Among the joy of a shift in focus towards electronic cigarettes lies the perturbing fact that 10.5% of women are still smoking up to the point of delivery. This figure fluctuates by region, and is currently at 16% in the Northeast.
A Department of Health spokesperson said: "It was encouraging to see smoking rates at their lowest ever levels, but smoking still kills around 79,000 people in England every year so the battle is by no means won. We have taken bold action to protect the public by introducing standardised packaging for cigarettes, making it illegal to smoke in a car with a child and covering up tobacco products in shops."
While the drop in smoking rates from 17.2% down to 15.8% is to be welcomed, it is concerning that the fall in pregnant smokers barely made a 0.1% drop. Part and parcel of this has been the despicable lies spread by pharma-funded anti-vape activists, but cuts in funding to councils have fed into cuts to Quit agencies and their ability to provide proper advice.
The Royal College of Midwives point out that good progress has been made in the past, and rates were down from 2013 when they were at 12.7%, prior to stalling as a result of austerity cuts. Francine Bates of the Lullaby Trust said: “Tragically smoking causes ill health and death among babies in this country every day. We know that pregnant women listen to their midwife and their obstetrician. With the right training, they could make a big difference to the number of women smoking in pregnancy.”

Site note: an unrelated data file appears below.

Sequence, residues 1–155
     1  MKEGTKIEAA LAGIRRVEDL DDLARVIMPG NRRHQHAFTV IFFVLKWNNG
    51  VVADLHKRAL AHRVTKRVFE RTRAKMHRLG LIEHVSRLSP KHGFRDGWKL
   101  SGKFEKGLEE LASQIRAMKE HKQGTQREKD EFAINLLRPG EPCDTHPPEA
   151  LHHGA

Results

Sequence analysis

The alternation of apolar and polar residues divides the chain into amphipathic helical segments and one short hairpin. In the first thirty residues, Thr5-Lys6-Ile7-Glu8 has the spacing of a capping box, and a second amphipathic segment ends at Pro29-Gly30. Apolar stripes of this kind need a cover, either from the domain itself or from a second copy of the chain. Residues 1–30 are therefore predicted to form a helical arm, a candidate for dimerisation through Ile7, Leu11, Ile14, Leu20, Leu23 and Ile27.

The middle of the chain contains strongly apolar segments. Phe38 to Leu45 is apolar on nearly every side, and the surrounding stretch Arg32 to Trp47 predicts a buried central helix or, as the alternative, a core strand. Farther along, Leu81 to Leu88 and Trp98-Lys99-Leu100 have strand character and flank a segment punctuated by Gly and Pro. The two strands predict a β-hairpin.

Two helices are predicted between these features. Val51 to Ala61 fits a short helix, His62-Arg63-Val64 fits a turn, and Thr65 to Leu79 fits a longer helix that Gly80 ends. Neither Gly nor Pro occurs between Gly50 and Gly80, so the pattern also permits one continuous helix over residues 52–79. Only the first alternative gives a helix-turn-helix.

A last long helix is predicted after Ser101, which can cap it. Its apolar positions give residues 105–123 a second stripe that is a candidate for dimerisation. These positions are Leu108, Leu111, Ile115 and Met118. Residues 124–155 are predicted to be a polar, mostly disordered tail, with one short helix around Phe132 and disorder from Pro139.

Despite the wishes of the government to support vaping as an alternative to smoking for pregnant women, concerns remain that they are doing this as “a solution on the cheap” and will not fully fund Quit Services. Cathy Warwick, chief executive for the Royal College of Midwives, said: “No matter how good the training, this cannot be fully effective if midwives cannot signpost women on to smoking cessation services. We are seeing cuts to public health budgets and smoking cessation services are being affected. This has got to be reversed and investment in smoking cessation services has to be stepped up.”
Will Quince MP, co-chair of the APPG on Baby Loss, said: “Undergraduates must not leave midwifery and medical schools simply with knowledge on harms from smoking. They need practical skills so their interaction with a woman who smokes actually helps her to quit. These must not only be taught but be tested too.”
Antoinette Sandbach MP, co-chair of the APPG on Baby Loss, added: “Smoking is an addiction and it can be very hard to give up without the right support. Health professionals need to be sensitive and non-judgemental in the ways they encourage women to give up smoking. Building this into training and professional development is vital.”